Well given that they fully accepted the photochemical nature of the solar effects why did they assume that the purely radiative effects of a bit more CO2 would more than offset it?

    I think they should be asked for an answer.

  77. Stephen Wilde says: “I’m waiting to hear Bob Tisdale’s response to Bill Illis’s comment.”

    Which comment? I’ve already replied to his initial comment with a question.

    You continued, “Bob is clear that the expected recharge is not taking place which is exactly what I would expect with a quiet sun and more equatorward jets.”

    The “quiet sun” is a given. Please provide documentation with accompanying data of the “more equatorward jets.”

  78. Stephen Wilde says: “Essentially you are suggesting that a recharge process is going on whereas Bob Tisdale suggests that the recharge process is failing.”

    I did? Please quote me chapter and verse.

    It took a 3-year La Nina to recharge the tropical Pacific OHC after the 1997/98 EL Nino, Stephen, and the sun wasn’t “quiet” at that time. The 2010/11 La Nina is only halfway done. I don’t see any failure. So far the 2010/11 La Nina has not recharged fully, but it is being recharged:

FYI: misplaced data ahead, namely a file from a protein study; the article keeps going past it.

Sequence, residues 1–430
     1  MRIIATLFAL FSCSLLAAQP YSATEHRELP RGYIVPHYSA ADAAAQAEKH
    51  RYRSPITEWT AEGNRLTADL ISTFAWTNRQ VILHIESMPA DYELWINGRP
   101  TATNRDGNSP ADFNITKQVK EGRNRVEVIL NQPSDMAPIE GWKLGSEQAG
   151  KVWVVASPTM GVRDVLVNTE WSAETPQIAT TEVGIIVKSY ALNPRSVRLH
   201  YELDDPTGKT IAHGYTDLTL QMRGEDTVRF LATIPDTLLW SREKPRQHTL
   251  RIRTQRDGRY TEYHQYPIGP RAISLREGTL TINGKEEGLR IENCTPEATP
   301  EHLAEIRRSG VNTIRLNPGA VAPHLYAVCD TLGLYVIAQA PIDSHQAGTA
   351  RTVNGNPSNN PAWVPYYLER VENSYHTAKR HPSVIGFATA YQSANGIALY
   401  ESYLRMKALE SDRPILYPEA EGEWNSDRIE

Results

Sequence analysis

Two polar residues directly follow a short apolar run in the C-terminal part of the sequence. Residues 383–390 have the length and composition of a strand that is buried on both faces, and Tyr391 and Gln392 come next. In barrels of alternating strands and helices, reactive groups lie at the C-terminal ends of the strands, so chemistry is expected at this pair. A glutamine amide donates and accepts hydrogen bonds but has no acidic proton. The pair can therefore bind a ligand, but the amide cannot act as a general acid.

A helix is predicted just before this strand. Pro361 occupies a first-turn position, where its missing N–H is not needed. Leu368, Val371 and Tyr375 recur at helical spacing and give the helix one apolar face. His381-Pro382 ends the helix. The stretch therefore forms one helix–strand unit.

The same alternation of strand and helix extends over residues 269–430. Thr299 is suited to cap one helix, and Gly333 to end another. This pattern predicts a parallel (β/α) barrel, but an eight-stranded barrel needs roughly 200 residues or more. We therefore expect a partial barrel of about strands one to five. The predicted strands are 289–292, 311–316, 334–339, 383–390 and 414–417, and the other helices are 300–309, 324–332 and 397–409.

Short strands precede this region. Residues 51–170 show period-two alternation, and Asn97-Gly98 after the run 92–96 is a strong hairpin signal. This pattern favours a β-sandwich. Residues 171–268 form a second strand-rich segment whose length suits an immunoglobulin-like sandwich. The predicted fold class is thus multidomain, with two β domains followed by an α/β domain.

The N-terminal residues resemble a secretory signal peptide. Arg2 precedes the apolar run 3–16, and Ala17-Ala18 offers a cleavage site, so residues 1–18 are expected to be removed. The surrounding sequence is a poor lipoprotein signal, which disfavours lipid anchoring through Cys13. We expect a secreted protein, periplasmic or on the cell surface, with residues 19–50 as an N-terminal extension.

How does that fit into your conjectures?

  79. OK .. so which is it.

    The Article from Wolter states that equatorial cloudiness should be suppressed but it’s not. Crosspatch comments on this puts up noaa site having something to do with recharge of the area. We have Steven saying something about jets increasing the cloudiness …. and we have Bill saying the sky is clear as a bell, and that all is reacharging. Steve ask Bob T about the question of Crosspatch to him about the cloudiness issue ……. who’s on first, what’s on second and I don’t know is in center field ……

    SO .. which is it. Is the cloud cover for this La Nina unusual, or is it normal??

  80. J P Miller said:

    “Wow! Was my comment misunderstood!”
    —————————————
    Apparently, the inferences some of us drew from your comment were not what you intended to convey.
    I certainly apologize for mistaking you for a warmer, but I can tell you why I did.
    It was your implication that the orthodoxy has a theory that appears coherent not only to themselves but also to sceptics. Obviously, if I don’t agree with them, then I think there’s something incoherent in their narrative.